Wednesday, April 7, 2010

Reviews: the good, the bad, and the ugly

Getting a good review is a huge relief for us writers. It affirms that a) we can in fact write our way out of a paper bag, and b) that someone out there liked our stuff. At heart, I think most of us are pretty insecure and sensitive creatures. Why is it that negative criticism carries so much more weight than the positive? Even if the positive is 90% or more of the feedback you receive?

Just last week a writer acquaintance of mine stopped by for a visit, and we got talking about writing. He's not a romance fan, but he did read my first book out of support and maybe curiosity. Anyway, I'm sure he was trying to be helpful, but he went on to tell me all the things I could have done to make it a better book. It could have been he was trying to point things out to help strengthen my future projects, but really, why tell me all of that when the book's already been published and there's not a thing I can do to change it? It's not perfect, of course not! It was my first book, after all. But it also won an RWA published Laurel Wreath award for best romantic suspense of 2009, so it isn't awful.

In happier news, I have received several glowing reviews so far for Cover of Darkness. Trust me, I so needed some good news right now in my writing world, so they couldn't have come at a better time. I'm going to post a couple of lines here for future reference, when I might be tempted sometime in the future to strangle myself with my laptop power cord because my writing isn't going well :) And because I realize not all the feedback I'll receive in the future will make me feel all warm and fuzzy.

Dana Dean of Got Erotic Romance gave it 5 stars and said:

Wonderful. In Cover of Darkness Ms. Cross did exactly what a writer should do. Almost from the first page I wanted to be the heroine even when danger and chaos lurked around every corner. I admired Bryn’s dedication to a father she rarely saw, her strength and determination to do whatever it took to survive, and her compassion. Mostly, I envied her opportunity to be rescued by several hunky men. Although Dec is obviously and spectacularly the hero in this story, the other men who circle Bryn like satellites should not be disregarded. In fact, I suspect they won’t be. Cover of Darkness tells Bryn and Dec’s story, but it also drops tantalizing hints about the lives of several others and left me wanting more. I enjoyed this novel and can’t wait to see whose story is next. Well done, Ms. Cross.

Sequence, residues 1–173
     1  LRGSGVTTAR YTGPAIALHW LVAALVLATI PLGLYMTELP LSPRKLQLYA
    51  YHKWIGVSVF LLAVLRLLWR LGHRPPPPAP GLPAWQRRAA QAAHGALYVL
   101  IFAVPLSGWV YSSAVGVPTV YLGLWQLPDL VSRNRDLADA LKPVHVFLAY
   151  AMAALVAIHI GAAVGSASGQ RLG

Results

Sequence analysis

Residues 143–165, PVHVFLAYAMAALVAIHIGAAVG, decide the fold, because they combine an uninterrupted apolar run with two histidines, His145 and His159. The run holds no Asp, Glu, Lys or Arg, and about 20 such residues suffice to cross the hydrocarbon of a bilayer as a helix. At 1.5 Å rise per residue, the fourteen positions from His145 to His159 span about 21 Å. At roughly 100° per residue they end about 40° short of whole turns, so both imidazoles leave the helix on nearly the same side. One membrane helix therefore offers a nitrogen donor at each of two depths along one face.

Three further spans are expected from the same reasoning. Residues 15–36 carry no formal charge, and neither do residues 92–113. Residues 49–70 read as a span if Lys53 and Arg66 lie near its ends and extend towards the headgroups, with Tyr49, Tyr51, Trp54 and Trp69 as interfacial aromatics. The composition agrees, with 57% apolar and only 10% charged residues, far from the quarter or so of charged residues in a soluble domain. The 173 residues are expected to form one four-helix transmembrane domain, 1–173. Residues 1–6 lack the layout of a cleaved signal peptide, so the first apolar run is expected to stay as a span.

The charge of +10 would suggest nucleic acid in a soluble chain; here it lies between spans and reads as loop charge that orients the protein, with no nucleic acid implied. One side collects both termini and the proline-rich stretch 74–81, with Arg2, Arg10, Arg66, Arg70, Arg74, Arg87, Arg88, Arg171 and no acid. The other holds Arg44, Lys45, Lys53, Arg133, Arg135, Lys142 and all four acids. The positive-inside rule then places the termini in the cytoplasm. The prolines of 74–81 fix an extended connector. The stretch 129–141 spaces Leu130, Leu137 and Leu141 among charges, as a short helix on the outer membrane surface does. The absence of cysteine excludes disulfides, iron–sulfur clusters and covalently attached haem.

Camelia at Long and Short Reviews gave it 4.5 books and said:

The many intriguing secondary characters and their motivations, the subterfuge, hate, and the love make Cover of Darkness a breathtaking and a heartbreaking story of life in a war zone and what it takes to survive. The price is sometimes high. The excitement, fear, and horror keep the adrenaline pumping at top speed as the story unfolds. How love survives and even thrives in such times is a mystery and a miracle.